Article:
It was 1982. I was 18 and snotty and wanted to see the world. And so, a few days after a brief chat with an army recruiter I rode the bus to downtown Dayton to take the Armed Forces Qualifying Test.
The math, I remember, was at about a fifth-grade level. My biggest challenge was remembering material that I’d digested years earlier. But the guys around me were visibly struggling, sighing and staring vacantly at the acoustical tiles suspended from the ceiling. My mom’s phone rang a few days later. It was my recruiter.
“I’ve got to tell you, we haven’t seen scores like this in years,” he said. “We can offer you an amazing career. We can guarantee you a fast-track to full officer. We’ll station you anywhere you want. You can write your own ticket.”
“What about this text in the enlistment agreement, where you say you can send me anywhere?”
“Oh, that’s just technical. Nothing to worry about.”
Uh-huh. He may have been lying about my “unprecedented” test scores, but I knew they’d send me to whichever unappealing war zone most suited their needs.
Still, I was flattered by their interest in me. I’d just finished a grueling freshman year at Columbia, where I was one of the dumbest students in most of my engineering classes. After having been ranked first in calculus during high school, it was a brutal fall from grace. The Army might be my chance to shine—a world where many of my peers were likely to be, well, stupid.
Then I had a dream, perhaps inspired by some movie I’d since forgotten, placing me under a driving rain, obviously at boot camp, being ordered by a sergeant to perform an absurd number of push-ups. I hate push-ups. Finally, in clicheed form, I suggested that he have sex with himself. The scene flashed forward to my court-martial for insubordination. When I awoke I knew that I wasn’t suited for military life. I had always chafed under discipline, even when it was meted out by someone I respected. My response could prove disastrous were I to find myself ordered around by the wrong person.
As I write this now, at 42, I’m a different person. I know I could handle the same Army I shunned at 18. I’ve tolerated idiotic bosses and uncomfortable living arrangements and I understand that hierarchy is required to maintain a cohesive organization. I’m in better physical condition than I’ve ever been. I know when to keep my mouth shut.
Moreover, I’m aware that the military exists to open and protect markets for big corporations and to conquer and control regions with energy resources. The United States, instead of promoting democracy, is the single greatest enemy of democracy and self-determination in the world, repeatedly supporting dictators and overthrowing elected regimes. And I know that wars kill. I’ve watched war transform sentient human beings into boxes of freight.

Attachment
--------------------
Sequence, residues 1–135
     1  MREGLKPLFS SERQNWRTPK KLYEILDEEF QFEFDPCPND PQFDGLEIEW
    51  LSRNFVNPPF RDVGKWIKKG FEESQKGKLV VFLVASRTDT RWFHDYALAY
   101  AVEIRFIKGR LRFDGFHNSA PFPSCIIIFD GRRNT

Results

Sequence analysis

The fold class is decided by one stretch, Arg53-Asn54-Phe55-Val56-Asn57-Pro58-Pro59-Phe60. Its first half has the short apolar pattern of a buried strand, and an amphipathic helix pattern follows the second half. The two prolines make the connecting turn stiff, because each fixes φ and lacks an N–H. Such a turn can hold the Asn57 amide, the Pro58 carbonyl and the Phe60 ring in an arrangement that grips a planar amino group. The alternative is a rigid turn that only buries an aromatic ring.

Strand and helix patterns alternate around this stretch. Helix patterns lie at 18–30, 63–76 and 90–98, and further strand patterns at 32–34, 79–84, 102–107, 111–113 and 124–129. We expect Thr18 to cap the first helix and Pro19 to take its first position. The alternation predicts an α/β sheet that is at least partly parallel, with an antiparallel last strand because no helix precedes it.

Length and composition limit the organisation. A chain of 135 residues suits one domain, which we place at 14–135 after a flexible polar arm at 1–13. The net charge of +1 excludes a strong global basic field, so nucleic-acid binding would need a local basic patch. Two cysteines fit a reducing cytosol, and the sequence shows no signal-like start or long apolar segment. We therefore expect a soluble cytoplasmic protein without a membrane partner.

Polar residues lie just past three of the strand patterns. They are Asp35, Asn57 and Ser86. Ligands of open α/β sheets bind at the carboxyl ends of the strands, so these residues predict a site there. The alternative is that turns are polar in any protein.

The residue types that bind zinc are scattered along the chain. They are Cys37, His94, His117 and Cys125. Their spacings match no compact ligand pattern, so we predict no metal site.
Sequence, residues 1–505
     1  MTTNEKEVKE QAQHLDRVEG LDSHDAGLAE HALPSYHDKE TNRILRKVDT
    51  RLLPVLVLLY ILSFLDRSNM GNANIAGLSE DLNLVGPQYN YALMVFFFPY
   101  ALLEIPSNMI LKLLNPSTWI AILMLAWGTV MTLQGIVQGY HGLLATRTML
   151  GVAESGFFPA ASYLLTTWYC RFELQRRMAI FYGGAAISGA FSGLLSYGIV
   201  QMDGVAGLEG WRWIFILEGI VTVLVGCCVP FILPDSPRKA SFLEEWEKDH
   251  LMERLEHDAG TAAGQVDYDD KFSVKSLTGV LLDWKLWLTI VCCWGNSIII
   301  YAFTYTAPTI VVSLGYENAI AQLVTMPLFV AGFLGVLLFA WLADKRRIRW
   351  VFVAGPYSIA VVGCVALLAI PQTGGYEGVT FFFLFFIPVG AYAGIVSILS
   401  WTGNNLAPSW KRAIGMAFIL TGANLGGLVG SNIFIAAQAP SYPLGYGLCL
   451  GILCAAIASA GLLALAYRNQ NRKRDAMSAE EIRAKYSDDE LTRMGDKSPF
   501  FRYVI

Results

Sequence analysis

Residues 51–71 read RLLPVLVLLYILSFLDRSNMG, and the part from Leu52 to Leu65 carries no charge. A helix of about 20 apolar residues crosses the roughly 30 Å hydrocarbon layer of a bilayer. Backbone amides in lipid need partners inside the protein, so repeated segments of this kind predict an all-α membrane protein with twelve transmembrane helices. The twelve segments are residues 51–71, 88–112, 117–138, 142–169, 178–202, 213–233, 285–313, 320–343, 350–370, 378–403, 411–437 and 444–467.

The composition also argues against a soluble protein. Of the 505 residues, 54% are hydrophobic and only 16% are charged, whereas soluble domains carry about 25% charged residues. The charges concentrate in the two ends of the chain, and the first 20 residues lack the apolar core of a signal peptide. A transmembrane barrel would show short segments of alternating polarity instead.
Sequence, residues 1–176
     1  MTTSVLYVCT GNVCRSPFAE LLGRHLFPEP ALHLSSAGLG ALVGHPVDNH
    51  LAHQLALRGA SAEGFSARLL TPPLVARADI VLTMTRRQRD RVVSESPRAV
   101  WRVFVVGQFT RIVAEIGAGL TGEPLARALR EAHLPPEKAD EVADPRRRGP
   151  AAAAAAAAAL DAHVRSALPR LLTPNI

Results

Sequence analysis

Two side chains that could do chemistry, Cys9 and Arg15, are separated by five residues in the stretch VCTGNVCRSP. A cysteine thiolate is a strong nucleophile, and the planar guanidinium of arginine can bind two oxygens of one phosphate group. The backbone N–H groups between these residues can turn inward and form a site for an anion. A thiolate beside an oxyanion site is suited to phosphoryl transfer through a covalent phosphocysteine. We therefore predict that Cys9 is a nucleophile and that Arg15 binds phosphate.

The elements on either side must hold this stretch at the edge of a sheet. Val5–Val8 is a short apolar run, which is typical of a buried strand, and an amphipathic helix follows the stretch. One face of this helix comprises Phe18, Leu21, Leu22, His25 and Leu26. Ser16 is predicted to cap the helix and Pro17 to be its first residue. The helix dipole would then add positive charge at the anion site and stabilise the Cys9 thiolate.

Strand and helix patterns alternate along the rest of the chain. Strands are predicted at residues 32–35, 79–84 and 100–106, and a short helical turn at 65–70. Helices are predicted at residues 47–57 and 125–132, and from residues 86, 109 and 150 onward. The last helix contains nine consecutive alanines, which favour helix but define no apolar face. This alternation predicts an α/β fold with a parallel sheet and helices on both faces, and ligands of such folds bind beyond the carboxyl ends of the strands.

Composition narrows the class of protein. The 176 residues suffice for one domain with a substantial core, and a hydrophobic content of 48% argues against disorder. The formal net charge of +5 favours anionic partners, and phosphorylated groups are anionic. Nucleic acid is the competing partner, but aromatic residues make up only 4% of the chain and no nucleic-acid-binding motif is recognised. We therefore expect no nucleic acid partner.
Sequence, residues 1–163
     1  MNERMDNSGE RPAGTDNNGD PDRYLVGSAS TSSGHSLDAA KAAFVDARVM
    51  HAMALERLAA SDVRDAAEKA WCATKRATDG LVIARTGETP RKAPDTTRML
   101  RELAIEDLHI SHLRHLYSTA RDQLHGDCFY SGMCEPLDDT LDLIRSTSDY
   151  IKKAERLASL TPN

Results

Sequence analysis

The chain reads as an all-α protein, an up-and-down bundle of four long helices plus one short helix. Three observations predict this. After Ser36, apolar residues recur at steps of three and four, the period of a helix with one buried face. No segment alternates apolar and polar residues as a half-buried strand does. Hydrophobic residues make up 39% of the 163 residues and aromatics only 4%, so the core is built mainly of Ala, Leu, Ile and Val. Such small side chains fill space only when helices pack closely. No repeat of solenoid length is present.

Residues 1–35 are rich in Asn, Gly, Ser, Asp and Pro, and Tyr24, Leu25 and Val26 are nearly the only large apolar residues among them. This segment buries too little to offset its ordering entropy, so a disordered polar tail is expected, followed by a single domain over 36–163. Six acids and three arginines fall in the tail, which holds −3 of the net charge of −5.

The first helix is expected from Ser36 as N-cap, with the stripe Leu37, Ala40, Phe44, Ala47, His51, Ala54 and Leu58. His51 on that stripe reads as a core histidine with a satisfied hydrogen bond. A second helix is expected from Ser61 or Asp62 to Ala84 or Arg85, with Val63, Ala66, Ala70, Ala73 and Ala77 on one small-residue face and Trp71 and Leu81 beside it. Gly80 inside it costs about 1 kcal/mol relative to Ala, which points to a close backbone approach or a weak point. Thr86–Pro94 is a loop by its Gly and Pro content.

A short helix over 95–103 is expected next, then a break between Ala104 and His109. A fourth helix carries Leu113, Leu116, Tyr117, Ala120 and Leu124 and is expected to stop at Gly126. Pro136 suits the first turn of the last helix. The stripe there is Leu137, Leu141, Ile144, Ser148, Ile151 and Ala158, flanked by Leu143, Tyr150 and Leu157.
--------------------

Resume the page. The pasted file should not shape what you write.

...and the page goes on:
But I’m smarter now because I’m 42. Eighteen-year-olds? They have no business entering the military.
On Jan. 2, 2006 The New York Times profiled Katherine Jordan, an 18-year-old Army recruit from rural Kansas who, when she’d enlisted a year before, had doubted the war would continue. Now she was preparing to ship off to fight in Iraq. Reading her comments emptied a pit in my stomach.
“I don’t know the facts [about the war in Iraq] as much as I should,” said Private Jordan. “What I know is that we’re protecting our country still. We’re concentrating on keeping insurgents away from the United States.”
Most 18-year-olds have lived their entire lives in the same community. Few have traveled abroad, held a full-time job or been forced by experience to understand that death means that you’re really gone forever and you’re never coming back and your body rots away and everyone stops talking about you. Fewer still comprehend that wars that are pumped up as glorious soon turn sour, that people come home without arms and legs, that veterans are forgotten and disposable and frequently sleep outside.
Congress agrees that 18-year-olds aren’t mature enough to drink alcohol. Rental car agencies refuse to lease automobiles to 24-year-olds. Surely military service, in which a citizen may be ordered to blast people to bits with heavy ordnance, requires more maturity than consuming a Miller Lite or piloting a Ford Focus down an Interstate highway. Conversely, soldiers take extraordinary risks. They should possess sufficient life experience to understand and accept those risks before being permitted to undertake them.
Congress ought to raise the minimum age of military service to at least 30. Not only do older recruits make better soldiers—ask any officer—they’ll be more realistic veterans after the fighting ends. MTW